It is clear that the Financial Crimes Enforcement Network and other federal entities will hold all companies to the same high standard. Treasury Secretary Steven Mnunchin has further confirmed this by informing all entities transacting in Bitcoin, the pending Libra stablecoin or other cryptocurrencies will need to comply with federal guidelines.
Andrew Yang, who recently ended his bid for the U.S. Democratic presidential nomination, was one of the few candidates to address the issue of the conflicting regulation of cryptocurrencies in the U.S., citing that although there is no national regulatory framework for crypto, “states have come up with a patchwork of varying regulations that make it difficult for the U.S. cryptocurrency markets to compete with those in other jurisdictions, especially in China and Europe.”
Hearings on New York’s proposed changes closed on Jan. 27. The New Jersey bill is currently before the New Jersey Assembly’s Financial Institutions and Insurance Committee, which opened its two-year session on Jan. 14. As for the federal government’s issuance of new crypto regulations, it’s anybody’s guess when that will be revealed, as markets have been roiled by the current coronavirus epidemic.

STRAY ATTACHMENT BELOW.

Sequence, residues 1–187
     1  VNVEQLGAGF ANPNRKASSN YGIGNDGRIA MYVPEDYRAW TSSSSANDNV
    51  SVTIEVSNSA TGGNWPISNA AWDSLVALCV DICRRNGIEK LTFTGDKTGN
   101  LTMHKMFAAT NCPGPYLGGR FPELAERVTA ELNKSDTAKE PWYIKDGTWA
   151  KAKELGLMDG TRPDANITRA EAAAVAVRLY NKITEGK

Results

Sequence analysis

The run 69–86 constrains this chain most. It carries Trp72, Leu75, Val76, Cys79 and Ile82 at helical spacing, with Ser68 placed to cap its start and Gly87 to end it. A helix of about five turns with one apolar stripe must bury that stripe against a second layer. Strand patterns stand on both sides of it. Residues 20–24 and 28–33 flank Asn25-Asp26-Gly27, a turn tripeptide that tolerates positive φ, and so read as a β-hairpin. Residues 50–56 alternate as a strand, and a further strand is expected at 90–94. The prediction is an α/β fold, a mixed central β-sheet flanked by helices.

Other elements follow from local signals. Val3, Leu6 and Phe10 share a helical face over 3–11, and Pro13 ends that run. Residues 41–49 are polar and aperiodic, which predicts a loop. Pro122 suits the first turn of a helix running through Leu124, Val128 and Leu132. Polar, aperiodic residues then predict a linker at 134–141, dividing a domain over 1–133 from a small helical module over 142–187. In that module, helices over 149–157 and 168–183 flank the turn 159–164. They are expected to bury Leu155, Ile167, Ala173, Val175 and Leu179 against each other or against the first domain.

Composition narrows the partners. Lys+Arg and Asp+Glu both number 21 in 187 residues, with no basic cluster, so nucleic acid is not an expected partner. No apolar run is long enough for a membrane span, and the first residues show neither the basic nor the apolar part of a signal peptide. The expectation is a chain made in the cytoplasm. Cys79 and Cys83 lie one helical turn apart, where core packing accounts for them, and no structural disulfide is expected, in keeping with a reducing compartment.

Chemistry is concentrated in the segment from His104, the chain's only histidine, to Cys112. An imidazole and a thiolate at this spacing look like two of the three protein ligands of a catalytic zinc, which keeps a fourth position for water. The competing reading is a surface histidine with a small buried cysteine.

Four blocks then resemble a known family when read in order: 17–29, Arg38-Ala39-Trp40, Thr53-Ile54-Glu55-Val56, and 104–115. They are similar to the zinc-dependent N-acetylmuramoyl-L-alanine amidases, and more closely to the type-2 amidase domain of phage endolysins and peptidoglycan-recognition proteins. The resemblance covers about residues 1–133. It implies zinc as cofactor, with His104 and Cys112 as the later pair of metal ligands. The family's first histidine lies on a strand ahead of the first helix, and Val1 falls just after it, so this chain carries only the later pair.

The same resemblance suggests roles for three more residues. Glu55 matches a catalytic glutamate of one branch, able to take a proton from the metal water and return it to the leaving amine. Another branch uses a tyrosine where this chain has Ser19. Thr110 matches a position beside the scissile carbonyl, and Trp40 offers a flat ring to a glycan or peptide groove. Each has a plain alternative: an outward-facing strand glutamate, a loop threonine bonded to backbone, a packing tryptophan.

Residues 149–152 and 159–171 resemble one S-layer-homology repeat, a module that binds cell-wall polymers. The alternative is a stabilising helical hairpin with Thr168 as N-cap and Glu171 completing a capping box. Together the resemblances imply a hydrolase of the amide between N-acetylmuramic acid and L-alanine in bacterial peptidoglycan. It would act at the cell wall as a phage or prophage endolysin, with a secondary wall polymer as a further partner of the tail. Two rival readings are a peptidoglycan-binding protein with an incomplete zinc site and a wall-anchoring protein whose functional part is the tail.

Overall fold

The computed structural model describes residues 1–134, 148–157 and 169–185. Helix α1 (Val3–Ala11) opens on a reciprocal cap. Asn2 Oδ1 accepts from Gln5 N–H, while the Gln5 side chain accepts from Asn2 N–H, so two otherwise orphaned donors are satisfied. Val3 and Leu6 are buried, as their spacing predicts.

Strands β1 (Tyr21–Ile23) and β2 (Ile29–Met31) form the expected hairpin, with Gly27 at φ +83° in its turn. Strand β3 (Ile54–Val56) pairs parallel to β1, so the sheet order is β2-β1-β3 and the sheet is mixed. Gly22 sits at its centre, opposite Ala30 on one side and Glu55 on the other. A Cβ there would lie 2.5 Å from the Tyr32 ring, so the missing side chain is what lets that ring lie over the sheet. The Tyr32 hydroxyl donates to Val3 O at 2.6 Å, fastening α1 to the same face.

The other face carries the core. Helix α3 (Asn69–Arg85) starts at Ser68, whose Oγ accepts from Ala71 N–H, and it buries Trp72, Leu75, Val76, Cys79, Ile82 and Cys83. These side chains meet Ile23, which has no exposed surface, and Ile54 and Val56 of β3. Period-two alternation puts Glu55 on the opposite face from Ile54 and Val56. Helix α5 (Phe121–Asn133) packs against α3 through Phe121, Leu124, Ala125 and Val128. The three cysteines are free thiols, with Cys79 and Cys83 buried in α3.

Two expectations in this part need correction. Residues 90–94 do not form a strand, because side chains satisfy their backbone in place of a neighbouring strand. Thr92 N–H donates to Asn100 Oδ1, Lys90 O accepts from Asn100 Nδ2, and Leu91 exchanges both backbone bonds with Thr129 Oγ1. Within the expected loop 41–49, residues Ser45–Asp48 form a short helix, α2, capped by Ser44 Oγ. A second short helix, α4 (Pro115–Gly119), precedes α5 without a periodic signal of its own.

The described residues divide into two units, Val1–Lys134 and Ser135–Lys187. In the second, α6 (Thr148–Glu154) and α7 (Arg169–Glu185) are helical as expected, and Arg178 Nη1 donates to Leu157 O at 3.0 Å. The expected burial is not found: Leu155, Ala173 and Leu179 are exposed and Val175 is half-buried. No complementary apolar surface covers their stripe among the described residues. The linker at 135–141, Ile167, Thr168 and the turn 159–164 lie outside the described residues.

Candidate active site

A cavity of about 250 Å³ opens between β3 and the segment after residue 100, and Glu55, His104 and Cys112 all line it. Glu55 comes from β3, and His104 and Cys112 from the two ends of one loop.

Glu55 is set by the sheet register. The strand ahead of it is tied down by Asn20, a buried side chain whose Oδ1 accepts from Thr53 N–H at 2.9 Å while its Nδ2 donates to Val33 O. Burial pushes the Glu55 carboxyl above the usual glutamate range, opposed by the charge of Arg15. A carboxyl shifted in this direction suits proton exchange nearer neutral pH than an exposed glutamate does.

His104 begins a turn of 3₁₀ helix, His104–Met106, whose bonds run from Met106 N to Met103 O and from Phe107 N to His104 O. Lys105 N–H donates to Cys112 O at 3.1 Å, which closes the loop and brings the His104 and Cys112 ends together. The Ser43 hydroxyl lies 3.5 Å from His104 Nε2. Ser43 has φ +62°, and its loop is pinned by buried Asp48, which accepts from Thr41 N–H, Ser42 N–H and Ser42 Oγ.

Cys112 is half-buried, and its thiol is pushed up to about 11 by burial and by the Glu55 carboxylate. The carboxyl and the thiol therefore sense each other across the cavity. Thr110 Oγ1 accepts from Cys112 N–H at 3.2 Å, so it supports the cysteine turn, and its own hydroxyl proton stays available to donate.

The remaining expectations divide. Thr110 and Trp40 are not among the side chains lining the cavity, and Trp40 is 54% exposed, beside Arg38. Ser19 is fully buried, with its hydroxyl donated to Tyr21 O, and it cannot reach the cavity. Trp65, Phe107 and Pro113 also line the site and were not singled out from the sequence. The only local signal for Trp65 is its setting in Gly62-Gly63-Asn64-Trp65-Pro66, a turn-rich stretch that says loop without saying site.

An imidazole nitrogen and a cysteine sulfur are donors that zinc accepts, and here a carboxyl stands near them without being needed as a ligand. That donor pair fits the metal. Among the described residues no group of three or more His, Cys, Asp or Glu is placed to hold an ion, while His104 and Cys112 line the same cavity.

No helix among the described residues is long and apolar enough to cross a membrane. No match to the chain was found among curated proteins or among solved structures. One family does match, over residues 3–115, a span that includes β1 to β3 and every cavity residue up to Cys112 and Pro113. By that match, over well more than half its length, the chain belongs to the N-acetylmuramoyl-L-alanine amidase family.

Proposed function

The convergence of crypto regulatory activity at the state level in New York, New Jersey, Wyoming as well as at the federal level could move the crypto market in a new direction — or remain a patchwork of regulations that will continue to hinder the growth of the U.S. crypto market. But with the SEC as a partner to the cryptocurrency community, the shared future looks very strong.